Legal Updates

A CFO may be personally liable to debts of company

November 14, 2022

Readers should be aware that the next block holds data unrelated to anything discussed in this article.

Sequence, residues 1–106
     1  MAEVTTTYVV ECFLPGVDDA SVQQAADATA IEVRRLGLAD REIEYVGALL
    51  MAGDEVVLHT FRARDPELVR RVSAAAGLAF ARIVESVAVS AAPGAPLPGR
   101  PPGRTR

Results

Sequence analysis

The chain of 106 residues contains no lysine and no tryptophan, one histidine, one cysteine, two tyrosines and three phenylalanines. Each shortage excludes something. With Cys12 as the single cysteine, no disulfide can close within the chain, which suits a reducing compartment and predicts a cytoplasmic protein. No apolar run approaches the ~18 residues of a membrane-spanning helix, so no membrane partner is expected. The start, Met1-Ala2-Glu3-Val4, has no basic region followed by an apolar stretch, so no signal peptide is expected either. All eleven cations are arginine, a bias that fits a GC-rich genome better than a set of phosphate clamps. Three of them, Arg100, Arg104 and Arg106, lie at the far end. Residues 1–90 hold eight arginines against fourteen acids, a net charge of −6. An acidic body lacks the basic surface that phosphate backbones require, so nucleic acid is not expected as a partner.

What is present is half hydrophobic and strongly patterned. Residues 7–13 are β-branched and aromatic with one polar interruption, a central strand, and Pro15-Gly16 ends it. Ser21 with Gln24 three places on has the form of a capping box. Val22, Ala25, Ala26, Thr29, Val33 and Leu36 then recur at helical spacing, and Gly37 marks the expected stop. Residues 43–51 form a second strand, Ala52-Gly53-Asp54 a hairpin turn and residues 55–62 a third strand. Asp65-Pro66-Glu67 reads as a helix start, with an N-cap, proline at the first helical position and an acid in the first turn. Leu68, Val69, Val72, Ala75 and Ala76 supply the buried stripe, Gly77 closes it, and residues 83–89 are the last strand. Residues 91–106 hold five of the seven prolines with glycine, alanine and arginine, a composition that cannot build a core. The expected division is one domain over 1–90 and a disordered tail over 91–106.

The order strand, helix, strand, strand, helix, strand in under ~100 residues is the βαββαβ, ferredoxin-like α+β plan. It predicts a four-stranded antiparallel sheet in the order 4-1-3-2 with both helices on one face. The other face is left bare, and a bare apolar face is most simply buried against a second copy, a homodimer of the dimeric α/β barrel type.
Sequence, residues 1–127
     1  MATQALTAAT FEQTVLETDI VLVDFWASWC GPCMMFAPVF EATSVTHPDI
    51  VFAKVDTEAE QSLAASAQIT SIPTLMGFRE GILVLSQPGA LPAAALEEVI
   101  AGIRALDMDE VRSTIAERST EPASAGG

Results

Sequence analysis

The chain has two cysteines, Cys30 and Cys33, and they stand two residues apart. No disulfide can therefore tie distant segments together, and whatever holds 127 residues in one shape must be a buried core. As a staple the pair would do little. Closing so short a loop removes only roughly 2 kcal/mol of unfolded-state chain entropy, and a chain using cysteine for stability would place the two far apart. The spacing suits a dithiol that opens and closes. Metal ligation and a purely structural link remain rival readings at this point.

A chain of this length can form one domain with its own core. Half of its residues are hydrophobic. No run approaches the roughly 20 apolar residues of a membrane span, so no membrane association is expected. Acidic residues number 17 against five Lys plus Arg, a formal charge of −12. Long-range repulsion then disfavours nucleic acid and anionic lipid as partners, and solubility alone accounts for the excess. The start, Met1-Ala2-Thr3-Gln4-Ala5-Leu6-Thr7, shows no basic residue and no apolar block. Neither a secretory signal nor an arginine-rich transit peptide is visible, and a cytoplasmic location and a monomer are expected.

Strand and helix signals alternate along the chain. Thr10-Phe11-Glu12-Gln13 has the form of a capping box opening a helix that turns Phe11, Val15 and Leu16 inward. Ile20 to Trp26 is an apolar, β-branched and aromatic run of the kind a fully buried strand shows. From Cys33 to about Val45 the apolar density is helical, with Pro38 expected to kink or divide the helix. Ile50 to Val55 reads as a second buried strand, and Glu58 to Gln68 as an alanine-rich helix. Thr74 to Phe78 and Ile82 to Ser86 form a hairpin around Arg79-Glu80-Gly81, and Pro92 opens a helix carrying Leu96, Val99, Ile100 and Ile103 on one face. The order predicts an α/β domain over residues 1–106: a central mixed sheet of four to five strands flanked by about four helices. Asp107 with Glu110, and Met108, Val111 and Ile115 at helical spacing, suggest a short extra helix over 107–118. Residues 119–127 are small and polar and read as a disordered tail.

A supplier of a company demanded that a shareholder of a company, who was also in practice its CFO, be required to personally pay the company debts for goods supplied, after presenting him with presentations that the company cash flow difficulties were easy and not a real financial hardship with an apprehension of non-payment and he continued to issue checks and sign them The Court attributed the company debt to the shareholder personally as he managed the company with thin capitalization and hid its true financial situation from the company creditor. A personal liability of a company shareholder will be imposed in exceptional cases where the special conditions for piercing the corporate veil are met. Managing a company in a state of thin capitalization, which occurs when the company equity or asset inventory is not sufficient to cover the company liabilities, is a prohibited use of the incorporation veil because the shareholder 'enjoys' the company profit prospects, but does not share the risks of loss - which are rolled over to the shoulders of the external creditors. Additionally, an organ of a company is not exempt of personal liability if acted in an undue manner towards third parties. In this case, the shareholder knew that the company debts exceeded the value of its assets but despite this the company continued, with his knowledge, to order goods and issue future checks without cover. In addition, his role in the management of the company included personally signing company checks, and accordingly reviewing its financial conduct, therefore he had a duty of care towards the supplier as part of the general duty of care of a CFO in a company vis-à-vis its creditors who rely on his representations. Therefore, the shareholder is personally liable for the company debts.